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HOW MODERN MONEY WORKS — Economist Alan Nasser presents a slashing indictment of the vicious nature of finance capitalism; The Bio-Social Facts of American Capitalism: David Price excavates the racist anthropology of Earnest Hooten and his government allies; Is Zero-Tolerance Policing Worth More Chokehold Deaths? Martha Rosenberg and Robert Wilbur assay the deadly legacy of the Broken Windows theory of criminology; Gaming the White Man’s Money: Louis Proyect offers a short history of tribal casinos; Death by Incarceration: Troy Thomas reports from inside prison on the cruelty of life without parole sentences. Plus: Jeffrey St. Clair on how the murder of Michael Brown got lost in the media coverage; JoAnn Wypijewski on class warfare from Martinsburg to Ferguson; Mike Whitney on the coming stock market crash; Chris Floyd on DC’s Insane Clown Posse; Lee Ballinger on the warped nostalgia for the Alamo; and Nathaniel St. Clair on “Boyhood.”
From One of the Actors in Apocalypto

An Urgent Message on the Disappeared of Oaxaca

by BERNARDO DIAZ

Greetings from Oaxaca, Mexico.

My name is Bernardo Ruiz and in this movie, Apocalypto, I play the part of Drunkards Four.

My Oaxaca friends Emiliana and Hilaria, who now live in Austin, agreed to pass on to you my message. Apocalypto is about some of the amazing ancient history of our country and its indigenous people. But as you probably know, our struggles continue even to this day.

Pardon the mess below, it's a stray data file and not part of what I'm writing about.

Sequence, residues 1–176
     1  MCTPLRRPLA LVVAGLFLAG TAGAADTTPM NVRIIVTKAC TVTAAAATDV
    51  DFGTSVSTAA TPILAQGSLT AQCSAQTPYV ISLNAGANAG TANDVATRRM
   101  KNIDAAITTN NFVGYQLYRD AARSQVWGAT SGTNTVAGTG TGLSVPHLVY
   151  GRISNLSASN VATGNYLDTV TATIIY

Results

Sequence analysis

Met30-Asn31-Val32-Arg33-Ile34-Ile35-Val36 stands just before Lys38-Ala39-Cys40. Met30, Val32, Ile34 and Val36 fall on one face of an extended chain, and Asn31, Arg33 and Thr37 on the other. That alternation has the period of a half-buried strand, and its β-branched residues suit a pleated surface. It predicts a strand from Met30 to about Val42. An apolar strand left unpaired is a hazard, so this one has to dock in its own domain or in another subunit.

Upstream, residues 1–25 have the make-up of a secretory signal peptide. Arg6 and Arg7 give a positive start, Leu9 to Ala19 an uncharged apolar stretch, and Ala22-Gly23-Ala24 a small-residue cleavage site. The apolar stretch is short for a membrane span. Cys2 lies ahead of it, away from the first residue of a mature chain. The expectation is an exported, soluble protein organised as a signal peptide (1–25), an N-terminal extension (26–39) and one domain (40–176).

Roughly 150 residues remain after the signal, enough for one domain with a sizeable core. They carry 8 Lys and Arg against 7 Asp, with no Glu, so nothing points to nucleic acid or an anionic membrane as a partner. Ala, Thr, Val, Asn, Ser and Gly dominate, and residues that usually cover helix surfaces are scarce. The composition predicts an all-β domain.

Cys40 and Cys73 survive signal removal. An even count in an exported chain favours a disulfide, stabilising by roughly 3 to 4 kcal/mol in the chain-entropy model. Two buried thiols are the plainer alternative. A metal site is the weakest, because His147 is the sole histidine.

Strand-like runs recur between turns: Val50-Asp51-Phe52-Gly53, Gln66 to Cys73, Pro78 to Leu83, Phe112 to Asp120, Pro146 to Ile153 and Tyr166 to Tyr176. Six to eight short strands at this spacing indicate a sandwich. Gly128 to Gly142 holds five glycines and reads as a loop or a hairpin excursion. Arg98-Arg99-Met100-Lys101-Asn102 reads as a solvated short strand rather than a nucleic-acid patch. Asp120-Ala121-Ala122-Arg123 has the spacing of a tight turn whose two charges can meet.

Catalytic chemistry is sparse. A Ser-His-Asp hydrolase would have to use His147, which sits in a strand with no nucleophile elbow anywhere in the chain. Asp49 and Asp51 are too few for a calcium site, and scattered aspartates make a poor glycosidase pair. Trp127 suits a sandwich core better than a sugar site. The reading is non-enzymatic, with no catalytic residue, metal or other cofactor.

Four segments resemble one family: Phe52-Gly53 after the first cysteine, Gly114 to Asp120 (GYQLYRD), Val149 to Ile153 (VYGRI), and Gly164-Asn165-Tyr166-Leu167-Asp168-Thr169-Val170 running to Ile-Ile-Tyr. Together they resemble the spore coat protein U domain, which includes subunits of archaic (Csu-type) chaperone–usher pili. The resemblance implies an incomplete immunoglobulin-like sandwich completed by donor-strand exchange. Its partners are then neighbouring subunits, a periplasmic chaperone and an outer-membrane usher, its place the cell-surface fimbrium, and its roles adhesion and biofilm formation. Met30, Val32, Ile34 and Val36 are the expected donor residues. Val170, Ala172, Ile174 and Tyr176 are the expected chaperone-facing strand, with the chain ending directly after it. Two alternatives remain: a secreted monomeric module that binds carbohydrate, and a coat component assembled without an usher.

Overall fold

In recent weeks, our beautiful city, Oaxaca, has been occupied by federal troops. It came at a time when many of our people were beginning to stand up for our civil rights with sit-ins and other kinds of non-violent protest. Now the troops have started tracking down and arresting not only our leaders, but also many people from our artistic community here. One of them is my good friend the painter Gerardo Bonilla. Another is the artist Dionisio Martinez.

Some of you know Gerardo, because three years ago, he exhibited his paintings at La Peña in downtown Austin. It means a great deal to me–and I know to Gerardo and Dionisio–just to feel that you in know something about our real lives today, and to know that you are thinking of us and support us.

Call the local Mexican embassy and your state and local representatives and please send a letter on their behalf addressed to President Calderón.

Consulate General of Mexico
800 Brazos St, Suite 330
Austin, TX 78701
512-478-2866 ext 107